The original counters for Guerra Civil were quite bad, both graphically and physically (being printed on large sheets of cardboard with a die that was apparently never used again). The new style counters are definitely a step up in physical quality and also in terms of vehicle/gun layout. However, the Nationalist counters are still not up to par because of their color, a very dark green. It is often difficult to make out the black counter values against this dark green.
The second edition also includes new versions of the geomorphic mapboards that appeared in the original. Sadly, these are problematic. These maps are part of a batch of maps that Critical Hit designed or re-drew in late 2011. All of these maps suffer from problems. Some of the maps are not cut quite correctly. However, the major problem is that all of them suffer from a slightly undersized hexgrid, which makes it impossible to line the hexgrid up against the hexgrid of an official map, and which leaves gaps at the two long edges. This problem is immediately visually obvious, as the map cut extends beyond the hexgrid artwork, so there is no excuse for including these maps. They needed to be redone and reprinted. No ASL player likes to play on bad maps.
In addition, the new artwork on the maps includes a bizarre “gloopy” style of grainfields, which makes them look more like alien amoebas than actual fields. The overlay, labeled SCW1 but referred to on the scenario card as SCW3, is also weird, containing two groups of orchard hexes, each with a different orientation (and no explanation for this). Moreover, players report that it is mis-sized.
A large number of scenarios use one (or, in one case, both) of these maps. Map SCW1 is used by scenarios SCW1 (La Muela), SCW6 (Guadalajara Offensive), SCW9 (The Boys of Summer), SCW13 (Bridegrooms of Death). Map SCW2 is used by scenarios SCW2 (General Solchaga’s Orders), SCW3 (Bayo’s Columns), SCW4 (Sons of Abraham), SCW6 (Guadalajara Offensive), SCW8 (Along the Ebro), SCW12 (Basque Citadel), SCW15 (Convent of the Dead).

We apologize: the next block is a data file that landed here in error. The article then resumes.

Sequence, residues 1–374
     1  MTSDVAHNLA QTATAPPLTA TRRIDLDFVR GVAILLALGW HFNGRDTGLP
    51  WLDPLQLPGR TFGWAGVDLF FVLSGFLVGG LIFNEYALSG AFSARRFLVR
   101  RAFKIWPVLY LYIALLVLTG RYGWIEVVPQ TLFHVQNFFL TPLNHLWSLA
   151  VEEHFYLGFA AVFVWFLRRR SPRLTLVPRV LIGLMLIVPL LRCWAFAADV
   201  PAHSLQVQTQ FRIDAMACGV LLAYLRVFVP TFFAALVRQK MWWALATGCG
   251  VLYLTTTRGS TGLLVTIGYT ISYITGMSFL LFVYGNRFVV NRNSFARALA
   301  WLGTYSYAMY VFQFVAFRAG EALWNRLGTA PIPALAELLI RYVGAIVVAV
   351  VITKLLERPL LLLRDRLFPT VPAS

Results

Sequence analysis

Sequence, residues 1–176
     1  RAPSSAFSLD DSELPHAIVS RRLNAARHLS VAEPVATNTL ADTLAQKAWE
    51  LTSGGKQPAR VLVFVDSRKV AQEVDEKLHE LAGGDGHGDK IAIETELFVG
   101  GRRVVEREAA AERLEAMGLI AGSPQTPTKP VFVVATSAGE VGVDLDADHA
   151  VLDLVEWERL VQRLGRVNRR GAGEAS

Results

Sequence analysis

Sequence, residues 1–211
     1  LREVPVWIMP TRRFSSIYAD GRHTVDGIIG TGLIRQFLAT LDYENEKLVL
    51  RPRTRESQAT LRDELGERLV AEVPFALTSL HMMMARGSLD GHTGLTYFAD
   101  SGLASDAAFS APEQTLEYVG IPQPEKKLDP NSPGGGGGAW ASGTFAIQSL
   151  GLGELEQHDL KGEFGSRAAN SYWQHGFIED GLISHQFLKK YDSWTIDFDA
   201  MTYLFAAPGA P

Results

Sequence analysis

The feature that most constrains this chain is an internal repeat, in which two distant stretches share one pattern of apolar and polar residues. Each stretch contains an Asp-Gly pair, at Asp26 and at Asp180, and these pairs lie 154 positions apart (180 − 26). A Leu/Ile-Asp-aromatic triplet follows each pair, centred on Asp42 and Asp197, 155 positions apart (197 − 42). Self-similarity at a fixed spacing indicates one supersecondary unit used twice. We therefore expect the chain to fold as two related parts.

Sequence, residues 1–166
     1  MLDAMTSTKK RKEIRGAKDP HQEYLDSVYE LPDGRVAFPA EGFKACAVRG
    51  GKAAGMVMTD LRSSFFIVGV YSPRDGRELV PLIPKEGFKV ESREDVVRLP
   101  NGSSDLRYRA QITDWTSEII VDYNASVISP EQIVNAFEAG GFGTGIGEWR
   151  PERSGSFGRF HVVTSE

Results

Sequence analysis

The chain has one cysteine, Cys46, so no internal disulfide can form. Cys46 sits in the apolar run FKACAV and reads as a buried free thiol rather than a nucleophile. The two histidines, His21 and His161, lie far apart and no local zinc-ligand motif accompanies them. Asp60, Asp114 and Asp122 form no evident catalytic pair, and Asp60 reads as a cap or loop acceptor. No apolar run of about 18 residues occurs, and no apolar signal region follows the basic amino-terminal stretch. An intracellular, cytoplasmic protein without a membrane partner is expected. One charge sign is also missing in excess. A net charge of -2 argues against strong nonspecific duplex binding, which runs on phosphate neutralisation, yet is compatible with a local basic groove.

The scenarios include the original Guerra Civil scenarios, as well as the additional ones that appeared in Critical Hit Magazine, plus a couple of new ones. Almost all of the original scenarios have been renamed. Many of them have had changes made to them–in one case even replacing a mapboard with Board 56, from Action Pack 5. The product packaging does not note that this product is required. Of the two newly designed scenarios, one, SCW16 (The Devil’s Island), uses ASL Starter Kit maps s and t. The product packaging does not note that any Starter Kit items are required for play. The product packaging does inform people that the Partisans module is required to play the game, but it seems that Armies of Oblivion would do just as well.
For people interested in the Spanish Civil War, this module is one of the more complete third party attempts to provide related material, and it has been out of print for a long time. Thus people might well be interested in purchasing it. However, with less than great counters and maps that players will have cut themselves if they want correct versions (a daunting task), the reprint was not handled well. The product deserves better than it got.
One additional aspect must be mentioned–the significant overpricing of this product. This product originally listed at $149.95, according to the Critical Hit web site, though this was later reduced to $89.95. Even at the lesser price, the product is far more expensive than it should be, given the components included and the fact that it is a reprint and not an original work. This product should have been more legitimately priced around $45 or $50. Critical Hit is significantly overcharging for this product.
3rd Edition (SCW1 and SCW2) Comments: In 2015, Critical Hit published a new version of this module, broken into two halves, SCW1 and SCW2. Desperation Morale policy has generally been to give new pages to such broken-up products, to avoid more confusion, so see those pages for later versions of this product.